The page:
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August 2005
 
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Charles de Lint
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Books To Look For
by Charles de Lint

Enchanted, Inc., by Shanna Swendson,
Ballantine Books, 2005, $12.95.

THE THING about fantasy novels—the majority of all novels, really—is that our main viewpoint character is usually extraordinary. And if they don't appear to be so when we start the book, by the time it ends, our hero or heroine turns out to be some mighty mage, or the warrior princess of prophecy, or some other high-falutin' savior of the world.

That's not particularly surprising, I suppose. We read books for a vicarious peek into lives that aren't as mundane as our own usually are, so we're not as quickly attracted to a novel about some ordinary person (unless we're led to understand they're going to become more during the course of the story).

So it's refreshing to read a book like Shanna Swendson's Enchanted, Inc. in which our heroine Katie Chandler is as ordinary as they come.

And stays that way. Sort of. But more on that later.

She's from Texas originally, sharing a one-bedroom apartment in New York City with three college friends from her home town. She doesn't really fit in—not on the dating scene, not at work where she has the boss from hell, not really anywhere but back home. Except this is her one chance at being something more than she could be in small-town Texas. This is her big opportunity, if only someone would take a chance on her.

Well, it turns out that Katie is so ordinary that there is someone who is not only willing, but eager, to take a chance on her. And that would be the folks at M.S.I., Inc. (Magic, Spells, and Illusions, Inc.), a curious company that is desperate for the services of an ordinary person. Because it turns out magic is real, but hidden from most of the world. Spells work. As do illusions. But for a company to see through the enchantments that might be hidden in a contract, for instance, or to keep watch for invisible corporate thieves, they need that rarest of beings: an immune.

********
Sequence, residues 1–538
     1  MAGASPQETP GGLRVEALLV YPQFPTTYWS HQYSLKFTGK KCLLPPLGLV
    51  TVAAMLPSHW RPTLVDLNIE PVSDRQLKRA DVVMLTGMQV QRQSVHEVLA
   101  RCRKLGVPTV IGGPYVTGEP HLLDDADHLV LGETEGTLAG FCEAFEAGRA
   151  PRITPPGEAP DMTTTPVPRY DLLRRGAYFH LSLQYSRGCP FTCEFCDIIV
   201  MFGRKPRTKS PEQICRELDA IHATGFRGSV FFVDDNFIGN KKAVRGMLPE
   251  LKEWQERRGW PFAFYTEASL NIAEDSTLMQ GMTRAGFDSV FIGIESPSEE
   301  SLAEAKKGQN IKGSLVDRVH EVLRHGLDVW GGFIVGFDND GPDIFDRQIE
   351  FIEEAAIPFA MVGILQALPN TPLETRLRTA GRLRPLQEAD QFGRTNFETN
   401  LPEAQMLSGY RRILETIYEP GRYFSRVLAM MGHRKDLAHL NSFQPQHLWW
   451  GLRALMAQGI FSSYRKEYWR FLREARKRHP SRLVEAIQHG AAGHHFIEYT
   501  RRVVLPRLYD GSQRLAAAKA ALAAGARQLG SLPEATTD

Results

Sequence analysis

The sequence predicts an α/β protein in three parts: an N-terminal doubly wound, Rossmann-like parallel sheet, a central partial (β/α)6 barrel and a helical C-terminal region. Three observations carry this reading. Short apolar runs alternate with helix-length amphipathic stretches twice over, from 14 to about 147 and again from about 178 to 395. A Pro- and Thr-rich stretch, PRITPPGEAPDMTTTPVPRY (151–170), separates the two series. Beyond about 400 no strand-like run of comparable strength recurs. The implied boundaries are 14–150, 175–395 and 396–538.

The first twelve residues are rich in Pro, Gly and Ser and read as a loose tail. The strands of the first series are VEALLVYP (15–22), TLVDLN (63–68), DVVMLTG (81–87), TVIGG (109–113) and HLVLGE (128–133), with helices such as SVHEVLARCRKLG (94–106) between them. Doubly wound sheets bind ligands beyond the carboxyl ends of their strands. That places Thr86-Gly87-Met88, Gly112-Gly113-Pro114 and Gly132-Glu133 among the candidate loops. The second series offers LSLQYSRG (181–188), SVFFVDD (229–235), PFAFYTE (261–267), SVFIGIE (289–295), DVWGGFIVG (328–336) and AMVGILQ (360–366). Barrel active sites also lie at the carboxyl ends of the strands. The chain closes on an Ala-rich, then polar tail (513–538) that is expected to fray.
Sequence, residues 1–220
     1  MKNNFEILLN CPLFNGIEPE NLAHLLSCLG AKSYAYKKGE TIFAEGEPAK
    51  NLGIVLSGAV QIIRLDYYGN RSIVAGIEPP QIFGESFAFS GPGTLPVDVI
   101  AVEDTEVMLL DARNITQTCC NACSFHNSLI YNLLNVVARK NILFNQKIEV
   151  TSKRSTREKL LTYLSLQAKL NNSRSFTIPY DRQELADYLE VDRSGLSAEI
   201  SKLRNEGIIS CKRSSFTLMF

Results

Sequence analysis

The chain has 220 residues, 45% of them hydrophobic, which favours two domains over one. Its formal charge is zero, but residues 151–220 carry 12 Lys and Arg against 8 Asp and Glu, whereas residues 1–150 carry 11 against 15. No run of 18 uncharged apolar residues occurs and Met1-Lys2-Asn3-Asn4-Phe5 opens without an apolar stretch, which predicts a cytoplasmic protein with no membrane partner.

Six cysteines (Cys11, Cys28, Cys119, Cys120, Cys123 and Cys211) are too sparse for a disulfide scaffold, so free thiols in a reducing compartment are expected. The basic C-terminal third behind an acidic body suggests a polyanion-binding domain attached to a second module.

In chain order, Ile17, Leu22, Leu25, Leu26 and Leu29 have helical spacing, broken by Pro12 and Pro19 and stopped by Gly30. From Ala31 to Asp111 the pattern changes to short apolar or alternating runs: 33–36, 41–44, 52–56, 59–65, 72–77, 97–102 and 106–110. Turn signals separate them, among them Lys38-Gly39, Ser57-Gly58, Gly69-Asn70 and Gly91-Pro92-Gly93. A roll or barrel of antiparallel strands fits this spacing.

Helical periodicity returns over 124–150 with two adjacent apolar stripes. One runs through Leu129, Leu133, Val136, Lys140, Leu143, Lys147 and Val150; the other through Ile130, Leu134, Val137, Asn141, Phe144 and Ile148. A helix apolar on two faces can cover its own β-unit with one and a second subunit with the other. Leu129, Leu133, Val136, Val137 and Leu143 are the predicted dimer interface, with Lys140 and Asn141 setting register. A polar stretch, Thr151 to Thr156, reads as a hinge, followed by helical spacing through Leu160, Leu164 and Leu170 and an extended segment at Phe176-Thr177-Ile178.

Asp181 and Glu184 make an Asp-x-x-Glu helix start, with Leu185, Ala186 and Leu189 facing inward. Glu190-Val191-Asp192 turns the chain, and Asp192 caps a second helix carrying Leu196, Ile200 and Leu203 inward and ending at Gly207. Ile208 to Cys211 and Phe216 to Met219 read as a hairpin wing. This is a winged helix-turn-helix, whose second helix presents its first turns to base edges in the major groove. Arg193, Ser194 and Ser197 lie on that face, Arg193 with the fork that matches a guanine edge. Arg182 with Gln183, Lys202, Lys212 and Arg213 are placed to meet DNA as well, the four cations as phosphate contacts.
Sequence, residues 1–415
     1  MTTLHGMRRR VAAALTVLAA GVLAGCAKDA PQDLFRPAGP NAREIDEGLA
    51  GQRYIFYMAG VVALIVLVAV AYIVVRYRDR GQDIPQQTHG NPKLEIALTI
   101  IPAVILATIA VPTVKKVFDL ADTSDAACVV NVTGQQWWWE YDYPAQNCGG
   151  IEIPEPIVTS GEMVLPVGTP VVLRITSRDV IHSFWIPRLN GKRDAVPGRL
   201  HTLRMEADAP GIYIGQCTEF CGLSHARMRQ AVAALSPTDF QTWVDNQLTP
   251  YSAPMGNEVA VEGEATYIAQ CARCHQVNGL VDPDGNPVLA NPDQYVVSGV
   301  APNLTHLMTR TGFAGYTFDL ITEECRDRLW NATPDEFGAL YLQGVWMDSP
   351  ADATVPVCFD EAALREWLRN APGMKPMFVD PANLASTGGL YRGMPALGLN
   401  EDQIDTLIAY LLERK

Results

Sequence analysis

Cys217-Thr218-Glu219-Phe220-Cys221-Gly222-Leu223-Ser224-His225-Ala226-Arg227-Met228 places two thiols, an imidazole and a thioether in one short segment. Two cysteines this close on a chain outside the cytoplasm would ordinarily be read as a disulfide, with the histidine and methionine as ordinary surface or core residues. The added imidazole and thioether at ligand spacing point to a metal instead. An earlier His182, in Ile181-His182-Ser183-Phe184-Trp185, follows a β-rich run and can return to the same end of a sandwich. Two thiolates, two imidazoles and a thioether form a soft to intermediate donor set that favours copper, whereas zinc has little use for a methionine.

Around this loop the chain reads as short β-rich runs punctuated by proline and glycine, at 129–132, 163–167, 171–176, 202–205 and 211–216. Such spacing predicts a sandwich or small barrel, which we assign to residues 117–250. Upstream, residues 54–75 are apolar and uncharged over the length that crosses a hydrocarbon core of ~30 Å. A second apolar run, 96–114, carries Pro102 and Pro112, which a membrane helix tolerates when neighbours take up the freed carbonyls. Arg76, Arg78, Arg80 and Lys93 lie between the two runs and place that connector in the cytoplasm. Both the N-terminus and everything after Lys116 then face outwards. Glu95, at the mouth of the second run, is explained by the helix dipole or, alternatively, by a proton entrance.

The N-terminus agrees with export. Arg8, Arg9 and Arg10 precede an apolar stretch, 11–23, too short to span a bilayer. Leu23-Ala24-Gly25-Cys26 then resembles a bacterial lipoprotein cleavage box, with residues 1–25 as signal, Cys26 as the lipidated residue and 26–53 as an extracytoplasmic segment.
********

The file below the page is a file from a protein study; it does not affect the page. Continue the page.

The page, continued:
As Katie explains to another immune who's being offered a job: "I'm as nonmagical as you can get, to the point that magic doesn't work on me. And you're the same way. That's why you see the things you do. Most people have just enough magic in them to be influenced by it. They don't see weird things because the magical people have ways of masking them so they look normal. But we don't see the illusions. We see the truth. So we see the wings and ears and the results of spells."

In other words, they're invaluable to a company that deals in magic, and with other magical beings.

Now what I liked most about Enchanted, Inc. is that Katie stays an immune, right through to the end. She doesn't suddenly develop hidden latent magical abilities, or turn out to be the long-lost daughter of the company's CEO, or any such thing. She's simply an immune, with a down-to-earth attitude and common sense.